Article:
Daily | SXSW 2014 Awards

Fort Tilden

‘Fort Tilden’

Sarah-Violet Bliss and Charles Rogers’s Fort Tilden has won the Narrative Feature: Grand Jury Award at this year’s SXSW Film Festival. “Let’s be honest, no one desperately needs another comedy about desultory twentysomething white Brooklynites waiting for their grownup lives to begin,” writes David Rooney in the Hollywood Reporter. “But Fort Tilden… showcases a satirical voice so dyspeptic it’s almost endearing, never letting the abrasive lead characters–or anyone else for that matter–off the hook for their self-absorbed entitlement. A mini-road trip that nudges its protagonists outside of their bubble, where the portrait of generational inertia ain’t pretty, this minor-key comedy of discomfort has a bittersweet bite.” But for Variety‘s Andrew Barker, the film’s “potent sense of place and underlying ideas never compensate for the tiresome millennial musings that constitute most of its runtime.” Updates, 3/12: Indiewire‘s Eric Kohn: “While frequently very funny and sustained by a pair of boldly unlikable female protagonists, Fort Tilden adopts the glorious stupidity of its stars, and echoes their gratingly obnoxious temperaments.” Interviews Bliss and Rogers: Bryan Adams (The Credits) and Danielle Lurie (Filmmaker). Update, 3/13: William Goss gives Fort Tilden a B at the Playlist.

Update, 3/14: For Nick McCarthy, writing at the House Next Door, “Fort Tilden too frequently relies on overgeneralizations and caricature to build its sardonic takedown of its character’s solipsism. As the film reaches its home stretch, the girls are wounded versions of their former selves, with the filmmakers limply trying to elicit pathos for the unsympathetic buffoons they’ve spent 85 minutes taking down. Ironically, it’s in the film’s own displays of flippancy and contradiction that it comes closest to illuminating the myopia of millennials.”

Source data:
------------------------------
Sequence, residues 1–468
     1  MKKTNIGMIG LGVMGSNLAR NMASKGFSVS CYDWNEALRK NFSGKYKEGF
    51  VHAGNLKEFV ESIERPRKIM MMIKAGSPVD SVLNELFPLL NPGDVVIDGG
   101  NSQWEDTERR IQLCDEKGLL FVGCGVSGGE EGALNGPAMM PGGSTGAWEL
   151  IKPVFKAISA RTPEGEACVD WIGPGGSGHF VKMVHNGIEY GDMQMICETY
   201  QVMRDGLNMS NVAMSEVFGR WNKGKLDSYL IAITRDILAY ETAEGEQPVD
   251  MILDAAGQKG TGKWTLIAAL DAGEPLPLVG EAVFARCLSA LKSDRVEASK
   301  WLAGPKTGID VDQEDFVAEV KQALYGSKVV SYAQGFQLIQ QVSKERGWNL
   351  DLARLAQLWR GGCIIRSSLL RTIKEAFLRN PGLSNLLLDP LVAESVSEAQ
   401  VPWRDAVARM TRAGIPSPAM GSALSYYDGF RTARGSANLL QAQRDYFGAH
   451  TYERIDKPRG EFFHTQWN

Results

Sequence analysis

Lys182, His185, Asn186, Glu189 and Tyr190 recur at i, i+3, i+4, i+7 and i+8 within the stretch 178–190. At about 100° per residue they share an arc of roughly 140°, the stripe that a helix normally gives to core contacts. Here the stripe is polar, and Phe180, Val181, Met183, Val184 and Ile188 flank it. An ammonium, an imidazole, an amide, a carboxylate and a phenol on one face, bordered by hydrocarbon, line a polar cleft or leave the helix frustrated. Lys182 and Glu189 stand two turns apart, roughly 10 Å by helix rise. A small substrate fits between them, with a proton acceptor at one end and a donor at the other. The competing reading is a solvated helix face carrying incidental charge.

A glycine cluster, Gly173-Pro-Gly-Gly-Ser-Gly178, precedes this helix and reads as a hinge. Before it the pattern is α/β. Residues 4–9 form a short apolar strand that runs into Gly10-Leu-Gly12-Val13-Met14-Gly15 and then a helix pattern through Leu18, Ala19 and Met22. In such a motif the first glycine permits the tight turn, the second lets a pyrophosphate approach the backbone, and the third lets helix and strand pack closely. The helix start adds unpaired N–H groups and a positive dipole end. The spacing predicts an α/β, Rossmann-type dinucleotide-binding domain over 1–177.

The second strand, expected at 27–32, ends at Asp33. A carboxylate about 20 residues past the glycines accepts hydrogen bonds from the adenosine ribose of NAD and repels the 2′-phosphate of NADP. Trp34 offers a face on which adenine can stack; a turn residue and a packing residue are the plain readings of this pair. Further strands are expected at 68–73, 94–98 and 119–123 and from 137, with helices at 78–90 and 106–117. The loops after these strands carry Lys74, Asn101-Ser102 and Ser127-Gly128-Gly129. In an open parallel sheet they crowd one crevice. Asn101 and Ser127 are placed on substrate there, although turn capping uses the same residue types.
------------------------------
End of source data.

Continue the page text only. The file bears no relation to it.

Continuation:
The Special Jury Recognition for Courage in Storytelling goes to Animals. “The initial scenes featuring young couple Bobbie (Kim Shaw) and Jude (David Dastmalchian) in director Colin Schiffli’s Animals are so precious that it comes as a shock to discover that they’re both heroin addicts,” writes Indiewire‘s Eric Kohn. “Living out of a decrepit car parked near the Chicago Zoo, Bobbie and Jude team up to keep their habit alive, which at first provides them with enough confidence to ignore the downward spiral they’re trapped within. By letting the troubles creep in, Schiffli’s accomplished first feature—scripted by Dastmalchian—makes their conundrum both accessible and intimately unsettling at once.” The Austin Chronicle‘s Ashley Moreno finds that “Animals presents an authenticity often lacking in films about drug abuse.” More from John DeFore (THR). And for Filmmaker, Danielle Lurie interviews producer Mary Pat Bentel.